things; it was just a natural progression. It is just how I feel. But, honestly, I would rather be less upset about stuff. I would rather feel groovy and be generally happy. To learn more info about Max Neutra, and where to shop for prints and apprel, visit his website: www.maxneutra. com You can find him on Facebook. For more info about his painting process, check out his YouTube channel, which includes time lapse videos of his work: http://www.youtube.com/user/maxfneutra




I have been experiencing many of Christina Angelina's creations since we first met in New York City, almost 14 years ago. As fate would have it, the stunningly beautiful, Los Angeles-born Angelina was cast in a Ricky Martin music video that was to be shot in Manhattan. I was in drama school


and in the midst of rehearsals for a play I had written, when one of my actress' introduced us. I’ve embarked on countless journeys with Angelina; we spent many Friday nights at her first gallery on Abbot Kinney, in Venice. While everyone else our age was out, drinking and partying, Angelina and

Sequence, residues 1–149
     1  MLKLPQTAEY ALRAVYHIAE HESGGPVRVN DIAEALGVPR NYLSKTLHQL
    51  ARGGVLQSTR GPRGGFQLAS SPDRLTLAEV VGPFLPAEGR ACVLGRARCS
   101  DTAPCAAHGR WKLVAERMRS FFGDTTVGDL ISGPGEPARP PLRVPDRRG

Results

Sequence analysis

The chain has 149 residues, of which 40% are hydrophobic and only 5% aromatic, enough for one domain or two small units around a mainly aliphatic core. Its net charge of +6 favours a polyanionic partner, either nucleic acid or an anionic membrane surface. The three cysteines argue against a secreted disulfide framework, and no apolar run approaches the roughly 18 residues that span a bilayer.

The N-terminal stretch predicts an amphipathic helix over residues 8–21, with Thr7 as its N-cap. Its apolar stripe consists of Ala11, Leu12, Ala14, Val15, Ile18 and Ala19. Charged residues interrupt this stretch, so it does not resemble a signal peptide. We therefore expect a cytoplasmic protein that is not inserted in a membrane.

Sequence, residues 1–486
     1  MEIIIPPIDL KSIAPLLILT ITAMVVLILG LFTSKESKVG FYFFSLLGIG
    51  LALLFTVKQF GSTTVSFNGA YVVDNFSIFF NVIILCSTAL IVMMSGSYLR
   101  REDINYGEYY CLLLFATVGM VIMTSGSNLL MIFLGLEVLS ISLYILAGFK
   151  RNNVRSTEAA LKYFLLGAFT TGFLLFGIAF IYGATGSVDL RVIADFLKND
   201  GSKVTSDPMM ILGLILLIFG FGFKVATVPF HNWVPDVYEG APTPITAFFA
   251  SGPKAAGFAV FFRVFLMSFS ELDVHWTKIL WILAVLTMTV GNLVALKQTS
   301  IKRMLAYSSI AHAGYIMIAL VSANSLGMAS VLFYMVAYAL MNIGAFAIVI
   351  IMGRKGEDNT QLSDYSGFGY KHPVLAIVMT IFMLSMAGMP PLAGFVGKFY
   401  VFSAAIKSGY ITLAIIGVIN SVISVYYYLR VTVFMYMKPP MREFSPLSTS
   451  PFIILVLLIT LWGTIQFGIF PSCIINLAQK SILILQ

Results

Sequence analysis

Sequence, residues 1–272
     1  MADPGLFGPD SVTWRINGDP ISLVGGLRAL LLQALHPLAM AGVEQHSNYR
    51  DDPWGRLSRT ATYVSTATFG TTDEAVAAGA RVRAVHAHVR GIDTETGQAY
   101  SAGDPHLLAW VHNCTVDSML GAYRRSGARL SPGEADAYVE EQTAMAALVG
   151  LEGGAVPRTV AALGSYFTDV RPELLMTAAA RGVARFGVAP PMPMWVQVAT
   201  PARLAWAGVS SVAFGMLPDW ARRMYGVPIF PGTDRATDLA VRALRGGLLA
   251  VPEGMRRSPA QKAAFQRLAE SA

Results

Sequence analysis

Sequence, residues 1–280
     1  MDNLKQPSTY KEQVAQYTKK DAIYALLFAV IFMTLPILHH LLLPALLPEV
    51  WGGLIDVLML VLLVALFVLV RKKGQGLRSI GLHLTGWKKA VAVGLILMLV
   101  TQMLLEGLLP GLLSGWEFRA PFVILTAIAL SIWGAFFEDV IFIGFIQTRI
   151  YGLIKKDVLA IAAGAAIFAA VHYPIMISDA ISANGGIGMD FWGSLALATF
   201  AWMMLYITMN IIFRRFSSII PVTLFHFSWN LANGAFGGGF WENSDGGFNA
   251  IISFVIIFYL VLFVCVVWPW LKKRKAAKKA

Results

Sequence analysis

I would be in the gallery, making art, until we fell asleep on the cold concrete floor. Our shared artistic dreams bonded us together, but Angelina is no longer dreaming; her tenacity about her craft and its higher purpose always leaves those around her more inspired than she probably knows. Angelina's unique talent lies with every image she constructs, with every single stroke of her brush, with every color she mixes, and with every mystical story behind her work. Her education varies from a BFA in Art from the University of California, to the Art Center College of Design, and NYU. Just after graduating from UCLA, Angelina came in second place at the national Gen Art/Biore Fresh Face in Art competition in 2008. She is currently represented by; the Renegade Art Gallery (Palm Springs), Create: Fixate (LA), Chalk Gallery (Venice, Ca), Lightning in a Paintcan (LA) and Cannibal Flower (LA). Angelina has also appeared as herself in several documentaries, films and most recently the music video for Van Hunt's latest single, "Eyes Like Pearls," which debuted on Rolling Stone on Dec 8th, 2011. In September of 2011, she created the cover art for Rodrigo Y Gabriela’s latest album, “Area 52”, to be released on the 23rd of January of 2012. Angelina is a process-oriented artist and extremely focused. Her favorite medium is oil but in her new Antico Astronauta series she's developing her newfound love for wheat-pasting combined with spray-paint. She's a true Gemini and quite shy about her personal life, but once you get her talking about her work and her future projects you better be prepared for a delicious shower of driven inspiration.